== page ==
Monday, December 11, 2023

Translator's Notes - A Cautionary Tale

Thanks very much to Timothy Berg for his article, "A Newly Digitized Bible Reveals the Origins of the King James Version" (and thanks also to Nick Sayers for his video related thereto).  Most of all thanks to the Bodleian Library and UPenn who have digitized and made freely available to the public, a rare example of notes from the King James Version translators.  These notes are handwritten in a printed Bishop's Bible.

I was simultaneously pleased and annoyed by the announcement.  After all, I had managed to acquire the study by Ward S. Allen and Edward C. Jacobs, "The Coming of the King James Gospels" (1995), which was based the notes from this document.  Until this digitization, Allen's book was the most practical way to have access to the notes.  I was pleased because Allen's book contains few facsimile renderings of the text.  The majority of Allen's book is as shown below (this is not the section where I noticed the error):

The annoyance was not at the seeming waste of money for something now freely available (after all, Allen and Jacobs go beyond a mere transcription, and offer comments and analysis of the notes).  Instead my annoyance is that in the first place I looked (related to a project I have been working on for some months), Allen and Jacobs' notes show a change that is not there.

I have no explanation for Allen and Jacob's error.  At first I hoped that this was a second copy of the translators' notes, for indeed the shelf mark was different.  A further investigation, however, revealed that the shelf mark has been updated, but the document is the same.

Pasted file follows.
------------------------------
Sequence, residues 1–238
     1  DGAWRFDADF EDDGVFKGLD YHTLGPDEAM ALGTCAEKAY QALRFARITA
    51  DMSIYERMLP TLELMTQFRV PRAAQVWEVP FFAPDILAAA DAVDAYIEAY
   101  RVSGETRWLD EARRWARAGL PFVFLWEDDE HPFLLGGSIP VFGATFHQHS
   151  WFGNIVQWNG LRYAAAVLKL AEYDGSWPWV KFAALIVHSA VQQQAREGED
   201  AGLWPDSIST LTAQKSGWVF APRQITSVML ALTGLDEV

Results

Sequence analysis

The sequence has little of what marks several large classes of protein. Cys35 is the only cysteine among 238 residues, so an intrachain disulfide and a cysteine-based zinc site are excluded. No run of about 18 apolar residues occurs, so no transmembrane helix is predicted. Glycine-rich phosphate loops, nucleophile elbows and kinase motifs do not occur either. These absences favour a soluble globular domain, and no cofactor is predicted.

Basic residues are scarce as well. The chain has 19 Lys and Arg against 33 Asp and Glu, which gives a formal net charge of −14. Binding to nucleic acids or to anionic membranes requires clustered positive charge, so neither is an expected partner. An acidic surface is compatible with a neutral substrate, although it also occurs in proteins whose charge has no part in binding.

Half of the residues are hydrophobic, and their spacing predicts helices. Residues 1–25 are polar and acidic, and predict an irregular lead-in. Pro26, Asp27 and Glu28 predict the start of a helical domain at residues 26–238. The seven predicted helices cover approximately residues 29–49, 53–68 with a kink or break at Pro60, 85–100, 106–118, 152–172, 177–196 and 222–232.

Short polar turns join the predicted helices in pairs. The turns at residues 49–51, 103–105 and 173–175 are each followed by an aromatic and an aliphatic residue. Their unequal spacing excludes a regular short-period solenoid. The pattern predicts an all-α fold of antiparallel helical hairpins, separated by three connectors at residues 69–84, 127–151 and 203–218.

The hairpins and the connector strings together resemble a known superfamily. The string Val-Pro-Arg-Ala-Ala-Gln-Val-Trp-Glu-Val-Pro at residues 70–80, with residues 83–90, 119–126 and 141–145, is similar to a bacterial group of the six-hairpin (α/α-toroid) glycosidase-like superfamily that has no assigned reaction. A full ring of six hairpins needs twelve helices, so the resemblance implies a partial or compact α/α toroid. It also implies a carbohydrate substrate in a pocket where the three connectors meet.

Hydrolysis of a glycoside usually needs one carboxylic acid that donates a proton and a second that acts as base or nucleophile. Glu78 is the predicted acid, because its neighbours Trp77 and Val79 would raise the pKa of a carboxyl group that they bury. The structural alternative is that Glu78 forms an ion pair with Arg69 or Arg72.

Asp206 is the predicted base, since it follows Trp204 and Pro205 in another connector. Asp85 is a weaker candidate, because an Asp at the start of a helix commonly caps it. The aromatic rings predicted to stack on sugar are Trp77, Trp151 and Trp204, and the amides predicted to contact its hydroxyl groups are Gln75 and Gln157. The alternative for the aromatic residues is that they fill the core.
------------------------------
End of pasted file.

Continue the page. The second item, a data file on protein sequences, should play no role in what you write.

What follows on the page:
I cannot understand why A&J would deliberately mislead the reader.  My guess is that they took handwritten notes of the differences between the KJV and the Bishop's Bible, and somehow conflated their own notes of the differences with the document itself, in at least the one place I checked.

Moreover, it seems that their error misled at least one researcher between 1995 and now (not counting myself).  God willing, more on the actual point in question in some future post.

A&J's book was subtitled: "A Collation of the Transaltors' Work-in-Progress."  Let this serve as a warning regarding getting information via collation, rather than first hand.

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